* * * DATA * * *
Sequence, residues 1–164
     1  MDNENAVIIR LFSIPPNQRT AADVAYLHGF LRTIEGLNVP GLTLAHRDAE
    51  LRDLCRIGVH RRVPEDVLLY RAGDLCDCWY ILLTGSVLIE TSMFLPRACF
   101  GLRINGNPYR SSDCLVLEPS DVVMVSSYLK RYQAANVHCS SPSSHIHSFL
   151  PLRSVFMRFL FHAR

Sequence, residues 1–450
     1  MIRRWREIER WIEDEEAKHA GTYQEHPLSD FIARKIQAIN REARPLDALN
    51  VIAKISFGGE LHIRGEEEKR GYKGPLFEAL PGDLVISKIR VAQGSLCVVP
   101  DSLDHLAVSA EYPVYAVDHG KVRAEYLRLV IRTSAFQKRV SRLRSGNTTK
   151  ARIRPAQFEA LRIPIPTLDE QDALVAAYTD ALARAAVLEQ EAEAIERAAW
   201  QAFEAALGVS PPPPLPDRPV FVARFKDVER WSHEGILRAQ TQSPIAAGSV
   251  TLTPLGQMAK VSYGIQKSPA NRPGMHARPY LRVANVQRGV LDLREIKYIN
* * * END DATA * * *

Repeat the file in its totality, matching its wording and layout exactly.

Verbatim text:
Sequence, residues 1–164
     1  MDNENAVIIR LFSIPPNQRT AADVAYLHGF LRTIEGLNVP GLTLAHRDAE
    51  LRDLCRIGVH RRVPEDVLLY RAGDLCDCWY ILLTGSVLIE TSMFLPRACF
   101  GLRINGNPYR SSDCLVLEPS DVVMVSSYLK RYQAANVHCS SPSSHIHSFL
   151  PLRSVFMRFL FHAR

Sequence, residues 1–450
     1  MIRRWREIER WIEDEEAKHA GTYQEHPLSD FIARKIQAIN REARPLDALN
    51  VIAKISFGGE LHIRGEEEKR GYKGPLFEAL PGDLVISKIR VAQGSLCVVP
   101  DSLDHLAVSA EYPVYAVDHG KVRAEYLRLV IRTSAFQKRV SRLRSGNTTK
   151  ARIRPAQFEA LRIPIPTLDE QDALVAAYTD ALARAAVLEQ EAEAIERAAW
   201  QAFEAALGVS PPPPLPDRPV FVARFKDVER WSHEGILRAQ TQSPIAAGSV
   251  TLTPLGQMAK VSYGIQKSPA NRPGMHARPY LRVANVQRGV LDLREIKYIN